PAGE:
“We are actually subsidising [the gang of four's] business model...If our customers access a server running on Telstra's network, we pay Telstra to deliver that data, and they charge their customers for it, so it's actually double-dipping,” Hackett said.

He said the gang of four understandably didn't want other ISPs to get a 'free ride' off their national network. However, if peering was done on a state by state basis, differences in size, number of customers and regional power could be accounted for more fairly.

Peering would be centred around each state capital, in a similar way to how state-based Internet interconnection providers already work. Each state would provide peering to other states and divide up the responsibility of exchanging traffic with everybody else. “Then nobody is freeloading off anybody's network,” he said.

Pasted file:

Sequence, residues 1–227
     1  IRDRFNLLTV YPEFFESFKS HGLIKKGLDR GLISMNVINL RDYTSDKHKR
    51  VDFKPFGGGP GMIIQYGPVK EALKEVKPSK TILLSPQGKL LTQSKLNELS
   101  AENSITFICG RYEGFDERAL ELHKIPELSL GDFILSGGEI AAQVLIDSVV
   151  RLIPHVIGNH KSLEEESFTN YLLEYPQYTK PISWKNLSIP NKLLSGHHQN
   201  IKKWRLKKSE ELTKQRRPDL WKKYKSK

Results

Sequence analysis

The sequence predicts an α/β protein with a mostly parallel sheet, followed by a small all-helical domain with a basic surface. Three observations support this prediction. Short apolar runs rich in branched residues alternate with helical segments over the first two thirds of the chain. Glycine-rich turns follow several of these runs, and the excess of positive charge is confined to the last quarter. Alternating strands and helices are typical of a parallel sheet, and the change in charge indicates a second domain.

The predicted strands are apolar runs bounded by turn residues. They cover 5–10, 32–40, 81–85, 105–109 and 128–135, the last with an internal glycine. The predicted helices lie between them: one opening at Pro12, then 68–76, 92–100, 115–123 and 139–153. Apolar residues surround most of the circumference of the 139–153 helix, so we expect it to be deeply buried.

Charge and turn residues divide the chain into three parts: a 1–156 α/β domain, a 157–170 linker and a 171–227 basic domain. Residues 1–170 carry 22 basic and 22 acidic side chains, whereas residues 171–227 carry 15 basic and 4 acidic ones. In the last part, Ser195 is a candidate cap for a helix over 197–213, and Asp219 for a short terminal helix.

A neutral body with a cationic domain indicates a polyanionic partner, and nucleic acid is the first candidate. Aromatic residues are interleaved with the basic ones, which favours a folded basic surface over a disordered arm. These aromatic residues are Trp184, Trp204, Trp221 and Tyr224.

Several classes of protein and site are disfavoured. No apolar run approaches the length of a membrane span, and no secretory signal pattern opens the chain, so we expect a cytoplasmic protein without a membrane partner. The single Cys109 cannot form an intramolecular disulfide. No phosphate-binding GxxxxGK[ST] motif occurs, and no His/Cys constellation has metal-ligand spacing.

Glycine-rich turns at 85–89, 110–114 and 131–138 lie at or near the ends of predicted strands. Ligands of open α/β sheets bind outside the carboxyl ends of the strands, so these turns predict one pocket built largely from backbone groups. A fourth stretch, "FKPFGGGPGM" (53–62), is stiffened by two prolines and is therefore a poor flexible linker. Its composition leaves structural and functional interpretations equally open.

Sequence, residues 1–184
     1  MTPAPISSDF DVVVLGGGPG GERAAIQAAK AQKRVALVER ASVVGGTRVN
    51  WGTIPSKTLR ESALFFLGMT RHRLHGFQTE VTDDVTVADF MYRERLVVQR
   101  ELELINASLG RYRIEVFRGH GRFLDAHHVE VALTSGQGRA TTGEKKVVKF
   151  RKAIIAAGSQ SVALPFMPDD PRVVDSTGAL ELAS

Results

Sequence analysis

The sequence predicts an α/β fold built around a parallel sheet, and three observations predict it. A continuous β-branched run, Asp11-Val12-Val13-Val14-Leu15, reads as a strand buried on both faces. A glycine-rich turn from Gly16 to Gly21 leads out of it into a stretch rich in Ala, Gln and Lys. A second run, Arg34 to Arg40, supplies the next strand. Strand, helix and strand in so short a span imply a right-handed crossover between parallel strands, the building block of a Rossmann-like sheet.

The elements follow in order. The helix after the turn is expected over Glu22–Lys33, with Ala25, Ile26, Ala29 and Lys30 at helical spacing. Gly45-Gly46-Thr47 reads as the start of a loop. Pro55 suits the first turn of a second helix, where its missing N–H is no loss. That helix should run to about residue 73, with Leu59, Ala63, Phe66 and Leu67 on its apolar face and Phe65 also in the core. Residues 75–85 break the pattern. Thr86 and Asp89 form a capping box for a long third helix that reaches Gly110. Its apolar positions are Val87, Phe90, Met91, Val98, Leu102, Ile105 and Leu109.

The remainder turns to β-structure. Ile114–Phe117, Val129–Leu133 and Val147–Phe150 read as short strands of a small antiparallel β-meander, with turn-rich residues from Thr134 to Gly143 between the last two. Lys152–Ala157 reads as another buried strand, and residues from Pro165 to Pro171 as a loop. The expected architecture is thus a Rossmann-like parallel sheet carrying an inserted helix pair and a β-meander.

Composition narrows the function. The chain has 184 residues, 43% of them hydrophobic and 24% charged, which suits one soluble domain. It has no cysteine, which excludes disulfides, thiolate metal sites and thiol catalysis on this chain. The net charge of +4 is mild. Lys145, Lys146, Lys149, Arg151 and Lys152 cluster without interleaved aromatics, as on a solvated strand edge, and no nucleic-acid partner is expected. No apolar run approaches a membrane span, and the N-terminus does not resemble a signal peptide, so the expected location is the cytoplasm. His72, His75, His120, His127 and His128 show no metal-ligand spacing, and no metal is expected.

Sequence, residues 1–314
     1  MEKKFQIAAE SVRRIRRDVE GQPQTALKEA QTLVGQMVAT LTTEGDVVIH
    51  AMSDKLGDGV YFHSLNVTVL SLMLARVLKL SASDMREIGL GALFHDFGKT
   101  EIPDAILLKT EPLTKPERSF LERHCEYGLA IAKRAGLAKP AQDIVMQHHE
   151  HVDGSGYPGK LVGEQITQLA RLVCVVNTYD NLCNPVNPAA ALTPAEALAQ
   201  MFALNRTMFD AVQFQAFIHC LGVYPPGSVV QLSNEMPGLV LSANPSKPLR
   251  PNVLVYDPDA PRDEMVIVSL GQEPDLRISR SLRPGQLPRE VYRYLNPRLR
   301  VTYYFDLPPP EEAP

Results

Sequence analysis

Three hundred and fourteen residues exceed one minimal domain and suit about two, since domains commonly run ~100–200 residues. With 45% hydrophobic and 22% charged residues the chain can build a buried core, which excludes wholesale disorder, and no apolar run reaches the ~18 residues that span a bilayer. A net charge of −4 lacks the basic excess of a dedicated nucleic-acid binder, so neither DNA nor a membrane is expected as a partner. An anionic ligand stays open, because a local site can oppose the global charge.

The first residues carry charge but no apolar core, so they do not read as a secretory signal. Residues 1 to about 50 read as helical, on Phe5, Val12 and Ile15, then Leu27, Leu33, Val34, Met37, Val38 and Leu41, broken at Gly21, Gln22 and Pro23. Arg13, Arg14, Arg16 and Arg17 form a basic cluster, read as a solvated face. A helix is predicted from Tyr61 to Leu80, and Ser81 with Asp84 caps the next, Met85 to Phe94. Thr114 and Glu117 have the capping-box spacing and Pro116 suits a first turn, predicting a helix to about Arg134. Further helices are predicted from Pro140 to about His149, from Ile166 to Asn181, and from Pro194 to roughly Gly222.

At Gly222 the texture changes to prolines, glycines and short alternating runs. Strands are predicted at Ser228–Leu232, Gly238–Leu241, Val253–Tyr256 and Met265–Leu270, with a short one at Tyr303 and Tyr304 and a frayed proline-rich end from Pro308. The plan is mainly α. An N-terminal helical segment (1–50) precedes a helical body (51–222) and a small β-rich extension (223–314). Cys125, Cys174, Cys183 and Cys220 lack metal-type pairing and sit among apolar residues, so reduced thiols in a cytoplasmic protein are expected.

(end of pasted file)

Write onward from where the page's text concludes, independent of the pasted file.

Hackett said increased peering would stimulate competition, lowering costs and prices across Australia, enabling ISPs and others to lift network performance and provide better services for the effectively bigger “pipes” that resulted.

“Customers are very vocal about performance...I believe the local industry could approach US prices under a fairer system,” he said.

He said the gang of four does some inter-state peering but does not have to provide access to others unless certain conditions are met.

“Telstra has advanced the art of creative wasting of time to an amazing degree. They can have a roomful of lawyers that will talk about peering all day. They're always saying 'we might peer, except that we probably won't' and even if you try there are things that require you to be bigger than Telstra, so I don't know why they bother,” Hackett said.